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/vr/ - Retro Games

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File: 2.92 MB, 1000x750, quake.webm [View same] [iqdb] [saucenao] [google] [report]
4678081 No.4678081 [Reply] [Original] [archived.moe]

why do saturn games warp like this?

>> No.4678104

Cuz the saturn sucks

>> No.4678106

Saturnfags can never recover from this

>> No.4678110

Has to do with the graphics. One of the many reasons the saturn sucks

>> No.4678127

No shit? I thought it was related to sound...

>> No.4678141

>Has to do with the graphics.
I would have never guessed.

>> No.4678185

I don't know and I don't care. It's a fun game.

>> No.4678230

ps1 and many pc games from the time do it too

>> No.4678237

Division is an expensive operation.

The same problem, more or less, exists on other consoles.

>> No.4678268

really made me think

>> No.4678283

Affline texture mapping. See https://www.youtube.com/watch?v=TuH7RDIDZN4 for an unrealistically extreme example

>> No.4679453

This has a good explanation (starting at around 3:30)

>> No.4679515

Probably something related to the wizardy required to get Quake running on the Saturn

>> No.4681094

Saturn "models" are actually just collections of sprites being distorted by the GPU. It's somewhere between modern 3D rendering techniques and what the Super Nintendo did with mode 7

>> No.4681382

>It's somewhere between modern 3D rendering techniques and what the Super Nintendo did with mode 7
VDP1 (the thing that makes polygons) is nothing like Mode 7. That's VDP2.

>> No.4681538
File: 92 KB, 867x366, tdsrbidkeastdi.jpg [View same] [iqdb] [saucenao] [google] [report]


>> No.4682213

You can as well say that all 3D games are “just collections of sprites being distorted”, and that these sprites are called “textures”.

That video is not actually a good explanation. This link (from a quick google search) is better: >>https://warosu.org/vr/thread/3200690

>> No.4682872

It's a problem with the 3d graphics, they're not 100% accurate

>> No.4682892
File: 152 KB, 564x1166, 1458895835362.jpg [View same] [iqdb] [saucenao] [google] [report]

Similar but not identical reasons to PS1

>> No.4682895

>You can as well say that all 3D games are “just collections of sprites being distorted”, and that these sprites are called “textures”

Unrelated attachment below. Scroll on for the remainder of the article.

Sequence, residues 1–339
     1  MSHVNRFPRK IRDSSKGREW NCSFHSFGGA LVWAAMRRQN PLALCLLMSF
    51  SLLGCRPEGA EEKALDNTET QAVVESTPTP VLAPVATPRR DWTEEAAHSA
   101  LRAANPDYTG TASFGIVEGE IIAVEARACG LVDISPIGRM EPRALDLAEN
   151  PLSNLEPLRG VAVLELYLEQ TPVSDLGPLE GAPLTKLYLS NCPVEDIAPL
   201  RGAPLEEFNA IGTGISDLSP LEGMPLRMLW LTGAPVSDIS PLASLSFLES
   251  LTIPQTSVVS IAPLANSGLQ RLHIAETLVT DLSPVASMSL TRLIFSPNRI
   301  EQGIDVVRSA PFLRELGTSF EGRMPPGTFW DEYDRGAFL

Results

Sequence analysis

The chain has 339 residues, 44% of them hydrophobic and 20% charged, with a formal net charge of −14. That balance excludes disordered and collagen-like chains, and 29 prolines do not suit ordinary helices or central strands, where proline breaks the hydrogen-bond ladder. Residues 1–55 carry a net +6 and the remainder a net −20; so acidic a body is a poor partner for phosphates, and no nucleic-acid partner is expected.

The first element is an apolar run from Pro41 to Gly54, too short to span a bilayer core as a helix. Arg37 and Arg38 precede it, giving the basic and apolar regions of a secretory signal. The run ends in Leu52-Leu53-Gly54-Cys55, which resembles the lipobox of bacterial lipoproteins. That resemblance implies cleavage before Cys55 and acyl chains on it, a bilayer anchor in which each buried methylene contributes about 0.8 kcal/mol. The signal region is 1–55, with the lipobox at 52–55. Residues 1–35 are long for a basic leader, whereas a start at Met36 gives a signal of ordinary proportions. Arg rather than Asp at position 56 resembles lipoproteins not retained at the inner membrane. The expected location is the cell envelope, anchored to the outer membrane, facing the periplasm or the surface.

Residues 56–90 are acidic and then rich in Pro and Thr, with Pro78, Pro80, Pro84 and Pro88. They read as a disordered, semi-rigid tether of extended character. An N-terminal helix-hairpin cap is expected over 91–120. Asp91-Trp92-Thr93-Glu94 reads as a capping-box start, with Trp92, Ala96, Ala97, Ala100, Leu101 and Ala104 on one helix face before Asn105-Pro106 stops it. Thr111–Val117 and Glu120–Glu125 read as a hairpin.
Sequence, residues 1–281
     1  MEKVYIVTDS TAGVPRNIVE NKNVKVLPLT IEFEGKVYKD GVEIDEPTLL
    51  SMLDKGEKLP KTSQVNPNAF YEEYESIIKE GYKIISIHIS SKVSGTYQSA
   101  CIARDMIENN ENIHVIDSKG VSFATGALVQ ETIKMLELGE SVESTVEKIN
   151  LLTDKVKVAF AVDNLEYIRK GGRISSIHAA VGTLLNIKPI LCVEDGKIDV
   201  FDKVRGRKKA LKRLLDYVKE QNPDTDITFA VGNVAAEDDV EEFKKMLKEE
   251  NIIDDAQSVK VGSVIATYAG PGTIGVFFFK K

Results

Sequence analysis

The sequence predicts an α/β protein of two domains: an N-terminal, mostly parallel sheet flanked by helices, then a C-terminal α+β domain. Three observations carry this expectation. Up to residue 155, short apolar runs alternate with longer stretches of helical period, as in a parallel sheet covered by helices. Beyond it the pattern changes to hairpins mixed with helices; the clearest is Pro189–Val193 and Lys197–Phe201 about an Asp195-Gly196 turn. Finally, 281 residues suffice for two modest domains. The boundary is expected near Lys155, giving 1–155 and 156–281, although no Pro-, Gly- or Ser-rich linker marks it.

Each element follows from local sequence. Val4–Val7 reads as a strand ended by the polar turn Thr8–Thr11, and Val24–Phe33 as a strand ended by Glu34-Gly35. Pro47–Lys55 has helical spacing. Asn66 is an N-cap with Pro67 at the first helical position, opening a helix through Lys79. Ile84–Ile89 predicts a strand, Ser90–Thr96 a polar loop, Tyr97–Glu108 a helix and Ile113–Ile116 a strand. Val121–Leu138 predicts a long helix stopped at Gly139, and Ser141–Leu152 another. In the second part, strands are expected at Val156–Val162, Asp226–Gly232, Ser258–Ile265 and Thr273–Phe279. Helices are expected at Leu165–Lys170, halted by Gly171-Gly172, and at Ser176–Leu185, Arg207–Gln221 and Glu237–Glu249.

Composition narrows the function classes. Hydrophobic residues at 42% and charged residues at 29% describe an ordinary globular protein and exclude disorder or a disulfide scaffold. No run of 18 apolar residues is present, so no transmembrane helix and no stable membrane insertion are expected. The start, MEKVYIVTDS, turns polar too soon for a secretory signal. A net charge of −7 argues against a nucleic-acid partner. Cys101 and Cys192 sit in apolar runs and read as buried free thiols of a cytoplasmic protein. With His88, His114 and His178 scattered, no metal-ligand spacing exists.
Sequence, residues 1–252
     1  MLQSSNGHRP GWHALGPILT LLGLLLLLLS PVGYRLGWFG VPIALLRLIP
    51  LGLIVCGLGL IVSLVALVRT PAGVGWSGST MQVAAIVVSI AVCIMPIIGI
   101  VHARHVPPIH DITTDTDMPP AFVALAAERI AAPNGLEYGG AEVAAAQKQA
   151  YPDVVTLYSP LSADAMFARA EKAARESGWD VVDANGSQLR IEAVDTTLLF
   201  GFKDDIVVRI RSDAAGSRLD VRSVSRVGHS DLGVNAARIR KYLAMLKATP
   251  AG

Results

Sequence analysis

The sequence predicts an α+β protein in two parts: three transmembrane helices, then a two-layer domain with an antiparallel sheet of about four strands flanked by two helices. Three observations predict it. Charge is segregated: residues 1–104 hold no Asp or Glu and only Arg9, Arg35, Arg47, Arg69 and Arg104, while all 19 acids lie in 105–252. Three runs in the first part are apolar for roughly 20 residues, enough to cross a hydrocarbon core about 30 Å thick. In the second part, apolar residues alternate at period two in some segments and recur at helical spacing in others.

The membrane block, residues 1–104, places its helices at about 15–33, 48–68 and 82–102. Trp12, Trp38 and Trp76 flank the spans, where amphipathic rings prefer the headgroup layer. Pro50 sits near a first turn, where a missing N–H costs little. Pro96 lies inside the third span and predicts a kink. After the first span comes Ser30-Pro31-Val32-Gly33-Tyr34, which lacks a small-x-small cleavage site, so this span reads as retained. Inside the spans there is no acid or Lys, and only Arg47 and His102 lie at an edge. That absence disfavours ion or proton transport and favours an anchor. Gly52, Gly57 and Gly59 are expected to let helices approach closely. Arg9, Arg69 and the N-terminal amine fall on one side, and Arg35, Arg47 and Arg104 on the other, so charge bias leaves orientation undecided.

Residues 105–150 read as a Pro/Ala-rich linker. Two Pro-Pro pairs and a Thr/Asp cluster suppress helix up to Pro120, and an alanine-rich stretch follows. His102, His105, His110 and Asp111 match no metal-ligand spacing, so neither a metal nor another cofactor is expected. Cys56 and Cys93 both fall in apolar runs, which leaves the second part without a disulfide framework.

no, really, a funky trick of the saturn hardware is that it was using the sprite registers and deforming them still on the 2d plane to emulate polygons, as opposed to the PS1 which handles polygons in 3d space and then projects them on the 2d plane. It's a really interesting difference in terms of hardware design and unrelated to affine texturing, which is the cause of texture swimming on the PS1.

>> No.4682902

Yeah, but it also pains me when Saturn fans try to say that Saturn did more perspective correct textures than PS1.

It was also just as prone to warping but in different ways and different places.

>> No.4683414

Oh yeah, sure. The end result was just affine quads rather than affine triangles like the PS1, plus some funky unique glitches due to how sprites interact differently from triangle lists..

>> No.4683483

I've seen this yesterday on Kingsfield(II).

>> No.4683489

Blast processing

>> No.4683542
File: 167 KB, 1000x1334, 2D_affine_transformation_matrix.svg.png [View same] [iqdb] [saucenao] [google] [report]

Ah, I see that you still got the wrong impression from that incomplete and misleading video example.

Both triangles and quadrilaterals are polygons, there was nothing to “emulate”. Many consoles and first generation PC 3D accelerators from companies well known and long forgotten used quads for surface units. It is easy to guess they all leaned towards universal accelerated processing pipeline for both traditional 2D spritework and 3D effects.

No matter how you theoretically imagine the polygon projection process, it is always implemented as matrix multiplications, because it's the least computationally expensive method. You can visualize those as a composition of affine transformations that are applied to original “flat” sprite (quad) or half-sprite (triangle) to make it appear at the proper place, angle, and size on the screen. While vertex coordinates are calculated properly on all systems (though with different precision), repeating the same calculation for each textured pixel inside the polygon would result in either performance hit, or significant increase in hardware requirements (and price) because it spends many CPU cycles on division. A simplified rasterization algorithm is used after vertex coordinates are calculated for that reason (and also for other factors like memory access optimization, benefit from specific processor instructions available, caching, etc.).

So, big quads and triangles without perspective correction all wobble on all these systems. Also, all of them can eqally be called “sprite manipulation engines”.

Check these nice tutorials:

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